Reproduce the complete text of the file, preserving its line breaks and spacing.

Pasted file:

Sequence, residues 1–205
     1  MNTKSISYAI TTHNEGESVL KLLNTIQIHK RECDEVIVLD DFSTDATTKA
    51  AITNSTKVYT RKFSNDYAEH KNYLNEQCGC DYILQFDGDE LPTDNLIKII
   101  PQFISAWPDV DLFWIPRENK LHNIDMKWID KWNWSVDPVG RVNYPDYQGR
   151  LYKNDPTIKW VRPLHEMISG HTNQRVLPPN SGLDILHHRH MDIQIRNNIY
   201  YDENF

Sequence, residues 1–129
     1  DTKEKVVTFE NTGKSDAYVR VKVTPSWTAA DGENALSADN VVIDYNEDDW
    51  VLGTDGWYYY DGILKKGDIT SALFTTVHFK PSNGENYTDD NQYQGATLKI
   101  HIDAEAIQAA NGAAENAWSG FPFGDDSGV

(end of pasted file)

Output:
Sequence, residues 1–205
     1  MNTKSISYAI TTHNEGESVL KLLNTIQIHK RECDEVIVLD DFSTDATTKA
    51  AITNSTKVYT RKFSNDYAEH KNYLNEQCGC DYILQFDGDE LPTDNLIKII
   101  PQFISAWPDV DLFWIPRENK LHNIDMKWID KWNWSVDPVG RVNYPDYQGR
   151  LYKNDPTIKW VRPLHEMISG HTNQRVLPPN SGLDILHHRH MDIQIRNNIY
   201  YDENF

Sequence, residues 1–129
     1  DTKEKVVTFE NTGKSDAYVR VKVTPSWTAA DGENALSADN VVIDYNEDDW
    51  VLGTDGWYYY DGILKKGDIT SALFTTVHFK PSNGENYTDD NQYQGATLKI
   101  HIDAEAIQAA NGAAENAWSG FPFGDDSGV